Tuesday, November 18, 2014

Fox Point's path to preservation

The Journal Sentinel produced an interesting story about the obstacles to saving a small island in a Waukesha county lake.

Here's hoping preservationists find a way, though it's a hard slog since they need the cooperation of a state legislature and DNR which have shown as much interest in environmental protection during the Walker era as the Chicago Bears offensive line has shown keeping Jay Cutler off his back.

It's more than a little depressing to see how hard it is hold on to clean and accessible land and water for future Wisconsin generations in the land of conservation heroes like John Muir, Aldo Leopold, Gaylord Nelson and George Vukelich.

Look at the battle underway right now near Sheboygan, where people are trying to save a nature preserve and even a piece of a state park from being clear-cut and other wise trampled for a high-end golf course.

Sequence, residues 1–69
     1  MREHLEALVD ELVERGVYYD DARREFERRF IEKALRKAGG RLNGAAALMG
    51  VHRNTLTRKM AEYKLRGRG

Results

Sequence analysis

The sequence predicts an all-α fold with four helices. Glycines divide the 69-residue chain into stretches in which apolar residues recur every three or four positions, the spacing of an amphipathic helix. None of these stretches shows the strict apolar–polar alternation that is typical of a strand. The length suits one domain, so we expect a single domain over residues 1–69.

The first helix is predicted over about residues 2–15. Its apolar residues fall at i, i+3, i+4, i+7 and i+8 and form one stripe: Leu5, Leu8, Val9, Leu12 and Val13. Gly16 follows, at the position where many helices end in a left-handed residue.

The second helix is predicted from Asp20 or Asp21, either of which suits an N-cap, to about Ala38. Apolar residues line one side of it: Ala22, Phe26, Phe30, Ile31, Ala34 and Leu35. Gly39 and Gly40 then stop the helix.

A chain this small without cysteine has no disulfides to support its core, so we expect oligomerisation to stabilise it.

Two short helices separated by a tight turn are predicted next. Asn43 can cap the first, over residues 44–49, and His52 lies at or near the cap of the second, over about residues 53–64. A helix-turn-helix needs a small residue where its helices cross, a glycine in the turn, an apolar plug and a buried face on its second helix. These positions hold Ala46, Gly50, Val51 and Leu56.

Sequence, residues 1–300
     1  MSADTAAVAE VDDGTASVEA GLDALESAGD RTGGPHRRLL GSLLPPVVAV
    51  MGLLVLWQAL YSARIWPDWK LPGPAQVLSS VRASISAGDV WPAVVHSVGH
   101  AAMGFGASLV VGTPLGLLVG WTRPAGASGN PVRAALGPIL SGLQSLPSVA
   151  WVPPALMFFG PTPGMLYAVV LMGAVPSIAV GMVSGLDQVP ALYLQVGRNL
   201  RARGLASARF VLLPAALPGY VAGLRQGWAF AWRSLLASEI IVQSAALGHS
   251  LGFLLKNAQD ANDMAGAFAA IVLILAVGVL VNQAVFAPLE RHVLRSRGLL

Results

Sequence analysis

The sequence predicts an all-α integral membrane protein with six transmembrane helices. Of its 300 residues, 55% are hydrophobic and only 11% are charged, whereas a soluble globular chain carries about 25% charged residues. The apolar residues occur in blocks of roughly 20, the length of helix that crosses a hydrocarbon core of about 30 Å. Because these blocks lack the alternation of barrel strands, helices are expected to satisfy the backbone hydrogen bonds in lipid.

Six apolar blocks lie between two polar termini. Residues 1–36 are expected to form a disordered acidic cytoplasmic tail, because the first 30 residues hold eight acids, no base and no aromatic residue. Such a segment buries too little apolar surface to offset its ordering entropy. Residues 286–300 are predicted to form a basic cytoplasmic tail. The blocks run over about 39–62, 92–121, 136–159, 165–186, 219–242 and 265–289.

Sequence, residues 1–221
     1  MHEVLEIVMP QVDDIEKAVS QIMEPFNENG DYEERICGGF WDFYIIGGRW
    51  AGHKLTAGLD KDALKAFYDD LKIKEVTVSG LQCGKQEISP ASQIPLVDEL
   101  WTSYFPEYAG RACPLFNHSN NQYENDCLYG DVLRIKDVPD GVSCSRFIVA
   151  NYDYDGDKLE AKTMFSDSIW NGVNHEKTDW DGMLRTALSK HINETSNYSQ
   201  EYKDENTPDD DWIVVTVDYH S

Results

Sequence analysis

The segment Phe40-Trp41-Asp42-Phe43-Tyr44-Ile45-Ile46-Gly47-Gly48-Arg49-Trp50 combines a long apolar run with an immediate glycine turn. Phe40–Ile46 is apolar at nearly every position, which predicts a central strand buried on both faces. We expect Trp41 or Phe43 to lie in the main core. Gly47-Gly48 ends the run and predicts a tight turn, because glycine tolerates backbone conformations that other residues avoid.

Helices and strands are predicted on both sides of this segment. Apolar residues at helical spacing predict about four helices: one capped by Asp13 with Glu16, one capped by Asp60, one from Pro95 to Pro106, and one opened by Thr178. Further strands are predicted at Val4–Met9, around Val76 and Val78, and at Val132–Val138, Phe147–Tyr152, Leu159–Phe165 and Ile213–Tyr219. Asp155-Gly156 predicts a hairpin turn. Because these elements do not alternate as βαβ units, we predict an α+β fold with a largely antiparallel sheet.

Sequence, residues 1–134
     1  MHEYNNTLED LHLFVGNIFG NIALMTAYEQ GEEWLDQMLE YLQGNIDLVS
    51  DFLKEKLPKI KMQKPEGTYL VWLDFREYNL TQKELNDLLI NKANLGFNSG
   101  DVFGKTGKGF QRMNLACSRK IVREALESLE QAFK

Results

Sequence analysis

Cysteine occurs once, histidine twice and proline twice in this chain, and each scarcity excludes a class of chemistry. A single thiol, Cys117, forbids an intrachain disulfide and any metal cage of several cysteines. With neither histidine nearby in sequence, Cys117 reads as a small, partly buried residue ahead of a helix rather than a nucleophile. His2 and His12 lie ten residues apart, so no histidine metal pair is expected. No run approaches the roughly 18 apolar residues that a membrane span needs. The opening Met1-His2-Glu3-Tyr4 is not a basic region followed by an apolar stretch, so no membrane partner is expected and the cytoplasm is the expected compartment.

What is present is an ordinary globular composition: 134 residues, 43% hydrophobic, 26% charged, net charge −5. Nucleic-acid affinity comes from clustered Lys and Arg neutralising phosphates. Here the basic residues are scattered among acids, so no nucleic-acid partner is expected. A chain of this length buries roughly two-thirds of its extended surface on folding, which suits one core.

Or the struggle by Milwaukee conservationists to save O'Donnell Park and its Lake Michigan view downtown for the public's enjoyment.

That's an uphill battle, for sure, since Milwaukee County has been short of funds since the days of Tom Ament and His Pension Raiders, which is why the County sold a big, wooded green piece of the County Grounds oasis in Wauwatosa for UW-M engineering and research buildings.

And absorb the wretched environmental record of the incumbent Governor, who, despite manure overflows and fuel pipeline spills and wetlands fillings and sand mine pollution is determined to enable 35 years of mountain top dynamiting in the pristine Bad River watershed near Lake Superior to excavate and mill low-grade iron ore from miles of deep open pit mining.

But there was one recent grace note across this otherwise gloomy political environment, and that is in Fox Point, where a group of determined conservationists found a way to save a footbridge above a ravine to retain a local landmark and offer a special view of Lake Michigan.

Maybe there's a connection to be made between the good people there and their counterparts in Waukesha County near Pewaukee Lake who want to save the little island for the birds.

And posterity,

What was it the poet said about about that?

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